A special committee will investigate whether City Council member LeAnna Cumber misled investigators reviewing the failed sale of JEA in 2019, the council president announced Wednesday.
The committee also will investigate whether Cumber, now a Republican candidate for mayor, tried to use her official position to influence the process for personal gain, Council President Terrance Freeman said.
The committee, known as The Special Investigatory Committee on JEA Matters, originally investigated the pursuit to privatize JEA in an effort to ascertain the truth and restore the public’s confidence in city government, Freeman said in a news release.
But new information has emerged since then — information that raises questions about how Cumber’s husband, Husein, was involved in the potential sale and whether she was honest about his role, Freeman said.
Emails recently obtained by the Florida Times-Union, a WJCT News partner, showed that Husein Cumber met and communicated with people working to move forward a proposal from a consortium of companies that became known as Public Power Partners.
Public Power Partners offered to pay a multibillion-dollar concession fee for the right to manage JEA, the Times-Union reported. That was a form of privatization that would have kept JEA under the city’s ownership.
The investigative committee later asked all City Council members to voluntarily disclose “whether you or your immediate family member had any interaction with any person or entity connected in any way with JEA or the city.”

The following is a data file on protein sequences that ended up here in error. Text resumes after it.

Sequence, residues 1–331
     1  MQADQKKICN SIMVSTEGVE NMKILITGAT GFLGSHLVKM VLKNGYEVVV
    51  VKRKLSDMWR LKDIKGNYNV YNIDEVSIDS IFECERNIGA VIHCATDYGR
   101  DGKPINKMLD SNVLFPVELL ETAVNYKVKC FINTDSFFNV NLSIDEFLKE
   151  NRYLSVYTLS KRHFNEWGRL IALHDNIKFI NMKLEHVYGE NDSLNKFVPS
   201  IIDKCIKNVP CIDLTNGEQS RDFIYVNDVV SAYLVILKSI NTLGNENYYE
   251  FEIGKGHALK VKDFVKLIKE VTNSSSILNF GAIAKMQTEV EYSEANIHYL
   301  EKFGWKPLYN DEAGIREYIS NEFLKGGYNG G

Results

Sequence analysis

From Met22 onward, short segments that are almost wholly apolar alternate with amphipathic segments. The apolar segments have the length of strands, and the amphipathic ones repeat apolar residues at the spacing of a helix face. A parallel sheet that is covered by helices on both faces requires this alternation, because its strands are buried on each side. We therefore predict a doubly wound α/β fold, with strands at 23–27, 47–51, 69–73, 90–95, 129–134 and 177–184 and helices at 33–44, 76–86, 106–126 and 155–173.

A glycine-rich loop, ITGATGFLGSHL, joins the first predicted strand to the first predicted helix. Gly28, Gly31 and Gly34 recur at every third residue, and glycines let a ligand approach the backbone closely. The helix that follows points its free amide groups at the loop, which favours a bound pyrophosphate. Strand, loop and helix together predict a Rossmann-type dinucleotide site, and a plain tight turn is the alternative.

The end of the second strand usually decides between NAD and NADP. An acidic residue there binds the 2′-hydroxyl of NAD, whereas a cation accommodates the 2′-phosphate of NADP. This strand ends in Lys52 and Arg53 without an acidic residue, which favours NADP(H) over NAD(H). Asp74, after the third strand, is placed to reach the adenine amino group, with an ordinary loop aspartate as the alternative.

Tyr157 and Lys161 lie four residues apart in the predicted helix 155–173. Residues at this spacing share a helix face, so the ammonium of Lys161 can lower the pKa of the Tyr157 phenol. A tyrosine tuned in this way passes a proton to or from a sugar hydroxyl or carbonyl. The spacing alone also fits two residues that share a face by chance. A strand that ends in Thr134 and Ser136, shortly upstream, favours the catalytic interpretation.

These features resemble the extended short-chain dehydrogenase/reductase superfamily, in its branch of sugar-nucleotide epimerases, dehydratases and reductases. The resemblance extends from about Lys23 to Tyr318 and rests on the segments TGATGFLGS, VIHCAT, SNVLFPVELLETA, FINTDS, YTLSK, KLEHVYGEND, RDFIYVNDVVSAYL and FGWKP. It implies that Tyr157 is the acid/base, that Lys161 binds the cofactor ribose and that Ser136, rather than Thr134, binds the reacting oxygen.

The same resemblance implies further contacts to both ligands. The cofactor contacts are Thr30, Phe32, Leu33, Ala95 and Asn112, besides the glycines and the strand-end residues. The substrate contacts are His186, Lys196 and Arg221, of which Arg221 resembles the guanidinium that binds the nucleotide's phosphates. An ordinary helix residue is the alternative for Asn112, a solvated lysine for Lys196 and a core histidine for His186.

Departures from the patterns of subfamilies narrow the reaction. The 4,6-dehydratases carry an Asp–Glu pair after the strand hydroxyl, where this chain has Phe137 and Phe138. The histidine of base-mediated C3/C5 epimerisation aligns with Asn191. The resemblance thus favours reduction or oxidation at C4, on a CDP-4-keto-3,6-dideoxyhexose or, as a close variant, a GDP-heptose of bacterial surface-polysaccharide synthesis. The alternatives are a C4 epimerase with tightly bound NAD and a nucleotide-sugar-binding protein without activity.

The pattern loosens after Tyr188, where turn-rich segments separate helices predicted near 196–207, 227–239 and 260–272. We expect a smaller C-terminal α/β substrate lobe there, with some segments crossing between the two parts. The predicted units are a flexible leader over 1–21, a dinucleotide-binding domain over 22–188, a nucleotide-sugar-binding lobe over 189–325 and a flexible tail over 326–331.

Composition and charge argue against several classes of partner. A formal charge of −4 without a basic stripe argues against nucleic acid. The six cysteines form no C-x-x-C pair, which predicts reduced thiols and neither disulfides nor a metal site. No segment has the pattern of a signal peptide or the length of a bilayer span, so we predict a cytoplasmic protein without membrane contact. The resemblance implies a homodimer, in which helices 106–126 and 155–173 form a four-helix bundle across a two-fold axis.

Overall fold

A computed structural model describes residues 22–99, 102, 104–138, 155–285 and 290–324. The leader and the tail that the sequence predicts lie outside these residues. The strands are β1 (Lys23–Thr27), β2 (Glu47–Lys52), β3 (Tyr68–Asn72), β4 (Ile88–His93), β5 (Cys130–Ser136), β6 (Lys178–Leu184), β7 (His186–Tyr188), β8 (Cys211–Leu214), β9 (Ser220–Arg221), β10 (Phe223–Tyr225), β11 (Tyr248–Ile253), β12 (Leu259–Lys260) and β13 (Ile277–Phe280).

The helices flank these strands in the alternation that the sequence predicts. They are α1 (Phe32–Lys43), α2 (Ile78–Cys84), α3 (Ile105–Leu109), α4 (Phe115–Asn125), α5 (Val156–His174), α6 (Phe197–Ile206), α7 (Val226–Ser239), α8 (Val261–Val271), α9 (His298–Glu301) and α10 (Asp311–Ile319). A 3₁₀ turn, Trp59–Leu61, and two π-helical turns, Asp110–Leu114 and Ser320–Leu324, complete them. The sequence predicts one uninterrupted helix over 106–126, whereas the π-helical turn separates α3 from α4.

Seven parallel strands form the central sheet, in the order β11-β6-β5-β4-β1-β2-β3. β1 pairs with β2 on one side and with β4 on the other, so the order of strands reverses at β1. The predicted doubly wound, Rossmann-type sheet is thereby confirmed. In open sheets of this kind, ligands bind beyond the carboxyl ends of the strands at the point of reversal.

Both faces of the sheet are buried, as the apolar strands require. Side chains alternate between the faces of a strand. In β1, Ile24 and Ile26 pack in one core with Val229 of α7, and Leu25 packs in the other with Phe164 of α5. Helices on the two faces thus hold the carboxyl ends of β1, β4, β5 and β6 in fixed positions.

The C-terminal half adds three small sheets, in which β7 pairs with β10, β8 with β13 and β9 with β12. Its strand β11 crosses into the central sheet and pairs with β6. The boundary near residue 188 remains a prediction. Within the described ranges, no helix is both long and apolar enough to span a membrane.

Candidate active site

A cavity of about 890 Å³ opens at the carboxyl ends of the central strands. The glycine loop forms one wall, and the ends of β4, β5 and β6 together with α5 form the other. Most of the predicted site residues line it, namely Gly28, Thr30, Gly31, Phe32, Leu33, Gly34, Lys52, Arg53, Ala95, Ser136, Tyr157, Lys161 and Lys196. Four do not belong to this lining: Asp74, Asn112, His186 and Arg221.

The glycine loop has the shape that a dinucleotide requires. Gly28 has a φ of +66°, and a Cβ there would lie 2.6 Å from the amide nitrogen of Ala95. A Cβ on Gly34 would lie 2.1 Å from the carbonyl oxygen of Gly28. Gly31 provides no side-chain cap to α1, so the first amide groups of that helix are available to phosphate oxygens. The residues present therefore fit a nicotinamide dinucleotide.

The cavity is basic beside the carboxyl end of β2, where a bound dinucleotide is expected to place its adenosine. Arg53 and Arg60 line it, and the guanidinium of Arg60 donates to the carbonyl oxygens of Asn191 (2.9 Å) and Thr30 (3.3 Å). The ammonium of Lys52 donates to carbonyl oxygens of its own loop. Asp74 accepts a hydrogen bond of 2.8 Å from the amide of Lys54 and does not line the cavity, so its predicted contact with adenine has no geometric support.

Cumber turned in a statement in March 2021, after the committee had released its final report, the Times-Union said. The statement did not mention her husband.
“Documents have come to light, including emails and text messages, that contradict responses given by JEA Public Power Partners and the disclosure provided by Council Member Cumber,” Freeman said Wednesday in his news release.
Cumber’s supporters said the new investigation was concocted to benefit another mayoral candidate, JAX Chamber President Daniel Davis.
“This manufactured controversy exposes the lengths to which Mayor [Lenny] Curry and his chosen successor will go to win,” Cumber’s attorney, Daniel Nunn, told WJCT News. “As a lawyer who investigated the JEA scandal, I found no misconduct by any member of the City Council.”
Cumber has said she had been advised that she was not legally obligated to report information about her husband because he was a private citizen. She also said she feared how the disclosure could affect a federal criminal investigation that was underway at the time. Two former JEA executives — CEO Aaron Zahn and finance chief Ryan Wannemacher — were indicated last March on fraud and conspiracy charges related to the failed JEA sale.
The original investigative committee was created Feb. 4, 2020, by then-council President Scott Wilson. The committee’s final report, issued just under a year later, found that Curry and JEA officials spent years exploring a sale of the city-owned utility with a “purposeful lack of transparency,” the Times-Union reported.
Freeman said the committee is being revived at the request of multiple City Council members, “in order to ensure to the people of Jacksonville that the city’s government was not deceived by any bidders or elected officials” during the JEA investigation.
The committee will have subpoena power and will limit its work to three purposes, Freeman said:
- Investigate whether Cumber or Public Power Partners deceived or misled the committee in responding to subpoenas or making disclosures.
- Ascertain whether Cumber tried to use her official position to influence the sale process for personal gain.
- Propose legislation to ensure that such deceptions, if any, do not impede the work of any future investigatory committee.